Anyone who has been around Best Buy in the past 10 years knows they pride themselves on something called “the smart friend.” That’s what Best Buy most wants to see when it looks in the mirror.  Friendly, technology-agnostic associates in blue shirts who ask just the right questions to help people find the perfect solution customized for their individual needs.  They don’t push.  They don’t show off their techno geek jargon.  And they are downright likable.

Unfortunately, what they have ended up with looks more like this Gift Center For Him.  Which is nothing more than a listing of promoted items that give customers absolutely no help in actually  finding a gift for Him.  Compare that to the interesting, helpful and entertaining Pogue-O-Matic from New York Times technology columnist David Pogue and you get WHAT BEST BUY SHOULD BE DOING to build credibility and loyalty with its shoppers.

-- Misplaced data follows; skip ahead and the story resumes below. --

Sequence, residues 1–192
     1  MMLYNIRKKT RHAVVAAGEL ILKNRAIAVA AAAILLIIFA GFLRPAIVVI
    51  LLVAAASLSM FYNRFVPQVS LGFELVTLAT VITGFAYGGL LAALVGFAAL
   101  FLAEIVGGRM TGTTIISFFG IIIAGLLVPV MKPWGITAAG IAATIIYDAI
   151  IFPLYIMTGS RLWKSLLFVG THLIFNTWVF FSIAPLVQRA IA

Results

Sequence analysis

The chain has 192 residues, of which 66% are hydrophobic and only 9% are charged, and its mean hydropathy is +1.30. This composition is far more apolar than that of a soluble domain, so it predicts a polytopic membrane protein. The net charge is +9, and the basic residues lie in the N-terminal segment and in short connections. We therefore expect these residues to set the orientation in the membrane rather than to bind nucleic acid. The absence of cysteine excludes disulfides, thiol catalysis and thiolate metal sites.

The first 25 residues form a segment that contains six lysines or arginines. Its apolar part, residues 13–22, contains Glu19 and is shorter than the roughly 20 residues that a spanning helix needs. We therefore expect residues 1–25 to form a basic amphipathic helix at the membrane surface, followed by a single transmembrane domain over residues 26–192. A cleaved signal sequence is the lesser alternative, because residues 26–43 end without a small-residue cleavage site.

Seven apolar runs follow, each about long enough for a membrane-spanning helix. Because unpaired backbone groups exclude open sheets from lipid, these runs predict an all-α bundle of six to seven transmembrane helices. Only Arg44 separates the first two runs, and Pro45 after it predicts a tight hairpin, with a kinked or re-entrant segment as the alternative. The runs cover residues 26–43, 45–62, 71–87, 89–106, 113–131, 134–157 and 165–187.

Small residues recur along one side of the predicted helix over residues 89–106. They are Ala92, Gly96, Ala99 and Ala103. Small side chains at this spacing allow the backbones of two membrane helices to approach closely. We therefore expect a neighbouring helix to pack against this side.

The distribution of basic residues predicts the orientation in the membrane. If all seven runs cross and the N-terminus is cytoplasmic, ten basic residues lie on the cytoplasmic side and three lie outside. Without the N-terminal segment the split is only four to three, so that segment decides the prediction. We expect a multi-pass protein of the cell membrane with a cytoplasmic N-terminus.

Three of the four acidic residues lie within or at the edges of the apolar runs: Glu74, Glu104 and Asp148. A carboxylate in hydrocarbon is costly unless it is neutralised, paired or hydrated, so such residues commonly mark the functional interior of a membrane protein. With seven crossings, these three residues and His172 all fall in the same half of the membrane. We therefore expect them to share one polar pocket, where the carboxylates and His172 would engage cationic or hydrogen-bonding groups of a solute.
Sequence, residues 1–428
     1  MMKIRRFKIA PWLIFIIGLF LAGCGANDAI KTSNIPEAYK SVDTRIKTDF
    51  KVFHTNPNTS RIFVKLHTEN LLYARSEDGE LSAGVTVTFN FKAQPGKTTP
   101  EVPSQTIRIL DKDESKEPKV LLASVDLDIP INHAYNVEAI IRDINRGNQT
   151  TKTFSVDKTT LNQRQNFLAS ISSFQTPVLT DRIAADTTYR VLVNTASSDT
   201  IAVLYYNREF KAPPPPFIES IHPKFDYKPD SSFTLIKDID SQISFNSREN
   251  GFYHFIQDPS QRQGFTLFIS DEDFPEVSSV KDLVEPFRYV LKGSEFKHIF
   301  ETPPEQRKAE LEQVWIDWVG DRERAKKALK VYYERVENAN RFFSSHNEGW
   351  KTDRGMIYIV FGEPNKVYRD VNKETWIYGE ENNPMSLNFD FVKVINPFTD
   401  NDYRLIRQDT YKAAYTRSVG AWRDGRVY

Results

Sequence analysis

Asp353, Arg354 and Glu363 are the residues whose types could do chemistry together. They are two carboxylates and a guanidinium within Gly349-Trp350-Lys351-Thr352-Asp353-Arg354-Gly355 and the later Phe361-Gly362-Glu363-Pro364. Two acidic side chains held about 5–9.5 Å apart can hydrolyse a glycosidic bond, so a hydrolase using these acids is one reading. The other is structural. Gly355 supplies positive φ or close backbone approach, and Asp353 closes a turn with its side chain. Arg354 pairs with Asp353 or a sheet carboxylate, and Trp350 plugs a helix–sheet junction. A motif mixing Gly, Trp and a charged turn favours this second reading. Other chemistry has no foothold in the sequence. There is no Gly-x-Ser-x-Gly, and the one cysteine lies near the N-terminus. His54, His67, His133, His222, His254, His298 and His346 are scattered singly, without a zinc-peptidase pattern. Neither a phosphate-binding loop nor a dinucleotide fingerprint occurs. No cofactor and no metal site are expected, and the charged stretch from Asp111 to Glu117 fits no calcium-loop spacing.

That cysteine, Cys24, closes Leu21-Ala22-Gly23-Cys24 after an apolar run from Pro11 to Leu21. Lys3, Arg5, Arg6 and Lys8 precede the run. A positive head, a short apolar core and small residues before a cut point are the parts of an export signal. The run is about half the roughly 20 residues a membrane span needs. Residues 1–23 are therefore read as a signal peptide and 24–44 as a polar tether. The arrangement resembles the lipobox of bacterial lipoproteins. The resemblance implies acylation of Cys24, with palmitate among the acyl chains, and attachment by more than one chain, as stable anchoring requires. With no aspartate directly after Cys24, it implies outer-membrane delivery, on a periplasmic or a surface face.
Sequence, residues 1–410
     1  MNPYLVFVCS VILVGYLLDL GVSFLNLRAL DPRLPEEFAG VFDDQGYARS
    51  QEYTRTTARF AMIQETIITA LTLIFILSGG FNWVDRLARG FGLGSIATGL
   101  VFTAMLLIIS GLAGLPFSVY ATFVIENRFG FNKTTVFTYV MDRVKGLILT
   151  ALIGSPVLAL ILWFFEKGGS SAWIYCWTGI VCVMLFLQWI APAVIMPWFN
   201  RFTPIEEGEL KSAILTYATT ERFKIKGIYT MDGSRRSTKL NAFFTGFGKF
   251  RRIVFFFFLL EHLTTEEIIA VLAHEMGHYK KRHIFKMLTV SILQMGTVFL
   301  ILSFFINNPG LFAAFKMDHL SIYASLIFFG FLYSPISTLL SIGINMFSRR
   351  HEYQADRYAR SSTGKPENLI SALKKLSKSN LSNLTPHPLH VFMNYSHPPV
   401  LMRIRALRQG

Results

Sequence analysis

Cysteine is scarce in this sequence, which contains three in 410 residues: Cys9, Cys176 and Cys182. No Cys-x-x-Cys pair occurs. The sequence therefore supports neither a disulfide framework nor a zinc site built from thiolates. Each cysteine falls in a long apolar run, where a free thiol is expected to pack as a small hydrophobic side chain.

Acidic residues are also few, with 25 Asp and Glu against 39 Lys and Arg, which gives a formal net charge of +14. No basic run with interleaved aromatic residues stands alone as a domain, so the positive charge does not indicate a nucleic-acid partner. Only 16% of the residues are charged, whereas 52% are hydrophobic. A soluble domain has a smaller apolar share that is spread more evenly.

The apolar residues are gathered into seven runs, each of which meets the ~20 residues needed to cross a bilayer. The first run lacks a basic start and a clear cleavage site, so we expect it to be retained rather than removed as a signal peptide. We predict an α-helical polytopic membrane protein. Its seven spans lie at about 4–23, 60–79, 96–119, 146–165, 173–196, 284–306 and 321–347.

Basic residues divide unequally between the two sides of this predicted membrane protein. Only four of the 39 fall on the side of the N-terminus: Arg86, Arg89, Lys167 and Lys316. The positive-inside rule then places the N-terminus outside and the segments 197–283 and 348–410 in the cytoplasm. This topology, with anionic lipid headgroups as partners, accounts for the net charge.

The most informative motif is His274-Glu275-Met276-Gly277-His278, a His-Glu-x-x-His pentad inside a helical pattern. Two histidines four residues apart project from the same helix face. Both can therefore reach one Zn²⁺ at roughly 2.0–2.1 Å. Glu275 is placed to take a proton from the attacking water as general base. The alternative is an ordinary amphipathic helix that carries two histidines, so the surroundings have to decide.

With a website that screams SELL SELL SELL, Best Buy has lost an opportunity for a deep relationship-building balance that could truly separate it from the WalMarts, Costcos and Targets it finds itself competing with.  It’s website says it competes on one thing: Price.  Ask KMart.  I am pretty sure that’s an unsustainable business model.

Note to Brian Dunn: Spend a few minutes on the Pogue-O-Matic, then march over to Barry Judge and demand to know why Best Buy is being beaten by the New York Times in the “Smart Friend” department.

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